With the tide coming in all morning, we cranked up our boats and headed down Matagorda Bay towards Pass Cavallo, the fish trap was located just north of the pass, with a small channel leading into a hundred acre lake, the trap. Arriving, we anchored the boats, jumped into the water and started casting. Our lures of choice were silver spoons with a treble hook, with a pink attractor attached to the hook. Each of us was using a black, Ambassaduer reel, with a 7, foot, popping rod.
Bump, bump, “Fish on”, I yelled out, as the rod bent with the strike, soon, not using a net, I grabbed the small red behind the gills, not big enough to keep, unhooked and released it. First fish of the day, but soon we were all catching small reds and if we’d kept them all, we’d had a good mess! The small reds finally quit hitting and we remarked that funny, no big reds and no speckled trout either.
After almost 2 hours of this fun, we told Unkie and George that we were going to try our hand in Espiritu Santo Bay and see if any birds were working. Knowing that late spring was a little bit soon for bird action, but these little reds weren’t putting any fish on the stringer! We pulled the anchor, and since Unkie and George were still fishing, we crept out of the fish trap and once in Matagorda Bay, headed north. Rather than going all the way back to Port O’Conner, we took a short cut into Espiritu Santo, a small pass that led into the east end of the bay.
Not 2 miles into the bay, we saw a bunch of birds hovering over the water, a sign that something had driven the shrimp to the surface. After changing to do nothing, slow sinking lures, we coasted up to within casting distance of the birds and Dub was the first to let fly and he immediately had a hard hit. What was it, spec, gafftop cat or ladyfish, but circling the boat the fish soon identified itself as a nice trout and when we netted it, a 3 pounder.
Dad and I cast out below the birds and both had hard strikes that proved to be identical fish to Dubs. The birds would break up and 5 minutes later, here came the shrimp back up to the top, we could see them hopping about evading the trout below, but the birds would converge on the hapless shrimp and what the specs missed, the birds would get.
We stayed with this school of fish for almost 30 minutes and boxed a dozen then they quit. For a while we stayed around, but we noticed the tide had changed and was going out, probably the reasons for the fish’s lockjaw. No more bird schools that day and we headed home around noon. It was a fun trip and we caught 12 nice specs, along with a lot of small reds (that we didn’t keep).
The fish trap is no more because several years later a hurricane rearranged the coastal area around Pass Cavallo!
Posted by Jon Bryan in Fishing at 08:05 | Comments (0) | Trackbacks (0)
Monday, April 29. 2013
April 1970 offered some beautiful Gulf coast weather, light winds and warm days that had raised the water temperature to over 70, the speckled trout had spawned and now had moved onto the sand/shell flats prowling for food. It was mine and Jim Buck, my brother-in-laws plan to intercept some of these monsters on the sand flats, on the south side of the spoil banks of the Intercoastal Waterway, just west of Greens Cut, but not as far as Karankawa Reef where the sand flats turned into mud/shell. Two months earlier, on a warm February afternoon, the mud had offered us some good fishing, but now the specs had changed to their spring and early summer pattern.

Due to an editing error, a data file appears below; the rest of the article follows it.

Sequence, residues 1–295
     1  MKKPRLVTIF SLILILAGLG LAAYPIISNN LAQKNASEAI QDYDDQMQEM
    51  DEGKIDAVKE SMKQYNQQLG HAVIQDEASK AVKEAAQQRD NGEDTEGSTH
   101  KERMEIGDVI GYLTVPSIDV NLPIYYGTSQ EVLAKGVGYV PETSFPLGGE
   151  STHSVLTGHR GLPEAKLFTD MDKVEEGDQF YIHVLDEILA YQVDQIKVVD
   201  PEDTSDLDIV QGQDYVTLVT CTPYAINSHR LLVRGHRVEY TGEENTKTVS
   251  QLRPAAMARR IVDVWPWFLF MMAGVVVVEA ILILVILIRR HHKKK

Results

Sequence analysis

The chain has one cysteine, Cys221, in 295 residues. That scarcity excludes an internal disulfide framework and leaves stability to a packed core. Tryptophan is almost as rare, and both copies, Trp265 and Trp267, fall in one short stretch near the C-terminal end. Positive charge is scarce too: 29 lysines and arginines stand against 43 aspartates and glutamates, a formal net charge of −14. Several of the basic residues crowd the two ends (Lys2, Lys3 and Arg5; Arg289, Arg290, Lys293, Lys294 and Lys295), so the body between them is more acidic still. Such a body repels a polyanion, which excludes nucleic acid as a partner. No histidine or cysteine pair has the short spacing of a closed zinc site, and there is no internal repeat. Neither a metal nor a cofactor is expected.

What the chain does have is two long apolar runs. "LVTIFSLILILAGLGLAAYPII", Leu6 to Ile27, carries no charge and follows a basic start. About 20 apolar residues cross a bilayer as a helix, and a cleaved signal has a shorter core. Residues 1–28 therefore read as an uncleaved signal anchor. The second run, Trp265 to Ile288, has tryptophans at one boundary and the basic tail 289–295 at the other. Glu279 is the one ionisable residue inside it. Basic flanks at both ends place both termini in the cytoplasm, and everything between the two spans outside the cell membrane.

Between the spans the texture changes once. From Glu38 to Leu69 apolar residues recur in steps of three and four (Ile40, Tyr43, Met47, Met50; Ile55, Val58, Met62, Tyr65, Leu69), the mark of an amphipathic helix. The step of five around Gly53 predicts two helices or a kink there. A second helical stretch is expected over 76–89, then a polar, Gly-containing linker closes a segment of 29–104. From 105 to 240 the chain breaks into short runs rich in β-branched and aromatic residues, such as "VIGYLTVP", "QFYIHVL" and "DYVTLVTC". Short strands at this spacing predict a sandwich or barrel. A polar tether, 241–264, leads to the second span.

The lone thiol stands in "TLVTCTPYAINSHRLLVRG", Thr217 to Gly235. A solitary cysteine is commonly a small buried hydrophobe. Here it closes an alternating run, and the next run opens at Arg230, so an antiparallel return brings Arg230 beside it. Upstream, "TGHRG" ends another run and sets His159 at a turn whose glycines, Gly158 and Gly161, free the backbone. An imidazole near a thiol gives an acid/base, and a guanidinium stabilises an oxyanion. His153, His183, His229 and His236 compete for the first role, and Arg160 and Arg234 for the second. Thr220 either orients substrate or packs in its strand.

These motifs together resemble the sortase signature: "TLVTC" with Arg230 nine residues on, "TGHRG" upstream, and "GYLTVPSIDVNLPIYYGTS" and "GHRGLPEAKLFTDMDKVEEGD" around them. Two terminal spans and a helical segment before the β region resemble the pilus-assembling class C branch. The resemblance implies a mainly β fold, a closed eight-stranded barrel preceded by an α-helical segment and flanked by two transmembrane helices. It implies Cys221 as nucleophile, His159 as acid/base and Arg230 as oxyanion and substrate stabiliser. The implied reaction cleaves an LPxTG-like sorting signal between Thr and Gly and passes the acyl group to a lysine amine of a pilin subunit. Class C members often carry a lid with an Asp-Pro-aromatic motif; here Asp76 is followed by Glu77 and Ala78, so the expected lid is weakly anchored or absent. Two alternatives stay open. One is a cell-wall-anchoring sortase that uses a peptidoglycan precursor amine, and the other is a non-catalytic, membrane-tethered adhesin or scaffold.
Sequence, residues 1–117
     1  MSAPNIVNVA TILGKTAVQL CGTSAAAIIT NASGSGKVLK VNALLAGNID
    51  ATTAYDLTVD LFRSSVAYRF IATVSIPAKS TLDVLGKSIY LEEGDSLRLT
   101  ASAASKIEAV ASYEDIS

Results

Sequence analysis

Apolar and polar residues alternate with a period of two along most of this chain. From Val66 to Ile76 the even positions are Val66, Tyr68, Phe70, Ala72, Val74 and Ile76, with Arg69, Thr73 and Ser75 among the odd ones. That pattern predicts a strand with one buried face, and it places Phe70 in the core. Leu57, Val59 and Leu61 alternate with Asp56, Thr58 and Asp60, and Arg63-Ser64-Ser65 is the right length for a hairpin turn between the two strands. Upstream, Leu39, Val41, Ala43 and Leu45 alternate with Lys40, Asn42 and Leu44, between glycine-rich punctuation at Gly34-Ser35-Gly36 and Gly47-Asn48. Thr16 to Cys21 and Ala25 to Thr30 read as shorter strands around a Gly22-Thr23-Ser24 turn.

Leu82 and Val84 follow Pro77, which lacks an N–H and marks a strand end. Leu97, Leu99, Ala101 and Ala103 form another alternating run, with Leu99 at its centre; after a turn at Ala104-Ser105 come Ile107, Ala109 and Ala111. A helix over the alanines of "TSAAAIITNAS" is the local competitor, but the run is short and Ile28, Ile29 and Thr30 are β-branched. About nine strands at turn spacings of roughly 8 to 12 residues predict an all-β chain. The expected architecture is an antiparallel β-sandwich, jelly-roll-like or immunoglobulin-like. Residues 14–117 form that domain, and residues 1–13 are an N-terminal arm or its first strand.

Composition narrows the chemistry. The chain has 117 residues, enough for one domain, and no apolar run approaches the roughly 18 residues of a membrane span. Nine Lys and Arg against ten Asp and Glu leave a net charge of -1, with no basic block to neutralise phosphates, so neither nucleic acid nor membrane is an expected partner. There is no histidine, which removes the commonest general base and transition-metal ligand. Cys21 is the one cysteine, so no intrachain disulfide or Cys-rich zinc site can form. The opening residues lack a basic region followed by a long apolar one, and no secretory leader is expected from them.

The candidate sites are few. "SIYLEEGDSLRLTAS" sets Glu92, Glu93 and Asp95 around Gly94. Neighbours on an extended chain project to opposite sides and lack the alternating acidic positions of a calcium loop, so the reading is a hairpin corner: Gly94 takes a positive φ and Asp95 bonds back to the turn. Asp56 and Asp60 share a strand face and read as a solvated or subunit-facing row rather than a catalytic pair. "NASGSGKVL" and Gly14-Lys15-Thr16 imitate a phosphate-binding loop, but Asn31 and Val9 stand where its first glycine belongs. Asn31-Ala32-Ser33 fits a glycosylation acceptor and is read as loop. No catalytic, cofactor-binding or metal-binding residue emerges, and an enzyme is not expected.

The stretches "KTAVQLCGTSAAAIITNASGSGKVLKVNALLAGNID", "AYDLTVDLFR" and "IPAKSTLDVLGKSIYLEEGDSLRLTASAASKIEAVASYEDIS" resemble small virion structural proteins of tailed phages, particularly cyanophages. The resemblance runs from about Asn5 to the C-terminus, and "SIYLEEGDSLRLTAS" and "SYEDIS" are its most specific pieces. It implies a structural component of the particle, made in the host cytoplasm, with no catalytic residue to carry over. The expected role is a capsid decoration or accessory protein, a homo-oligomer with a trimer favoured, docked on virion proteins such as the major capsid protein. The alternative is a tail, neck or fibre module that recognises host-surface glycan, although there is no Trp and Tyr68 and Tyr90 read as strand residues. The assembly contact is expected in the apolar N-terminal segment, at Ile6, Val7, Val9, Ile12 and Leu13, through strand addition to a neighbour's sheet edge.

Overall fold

Jim and I were using live shrimp under a popping cork, but weren’t blind casting and drifting. Our targets were the slicks made by the specs gorging and regurgitating bits of their prey. The oil released will pop to the surface as a pail or washtub size, shiny, oily slick and the trout will be under the slicks. A telltale sign produced by the slicks is a distinctive watermelon smell and many times we’d pick up the odor before we found the slick.
We were idling along in my new 17 foot, deep vee, cross wind to a light southeast breeze, and sure enough, Jim said, “I smell ‘em” and I also picked up the unmistakable scent. Scanning the immediate area, we both saw slicks popping to the surface less than a hundred feet to our left and cutting the outboard, we looped short casts between 2 of them and were both rewarded with solid strikes. After a few short runs, a boat circling battle ensued and we let the specs tire before slipping nets under them and claiming a brace of fine 3 pound, trout!
Restarting the motor, we continued looking and sniffing and came upon a tub size slick to our front. Jim shot a cast toward it, popped his cork once and a spec smashed the shrimp and headed off across the bay. Rod tip held high, Jim’s fish began the first of 3 circles of the boat, each being closer, until laying on its side, I easily slipped the net under it and hefted a nice 5 pounder aboard. Jim had been fishing for specs for the past 4 years and this was his best one to date. He was happy and, smiling, told me, “I’ll drive the boat and you catch the next one!”
Within 15 minutes we both caught the scent and as I cast toward the emerging slick, I remarked to Jim, “I’ll bet this'l be a nice one.” No sooner as the shrimp hit the water, there was a smashing strike! The fish headed “south” and all I could do was hold on. Finally, stopping the run, I was surprised when the fish headed back towards the boat. Most times a good spec will begin circling, conserving its energy, then really put up a scrap beside the boat, but not this one.
Reeling madly and barely keeping pressure on the fish, it rolled a short distance from the boat, revealing a flash of silver and we both remarked, “That’s some spec!” It made several short runs and stirred the water to “a froth” around the boat, but finally tired as Jim netted it and held it up for both of us to admire. We guessed that it weighed over six pounds.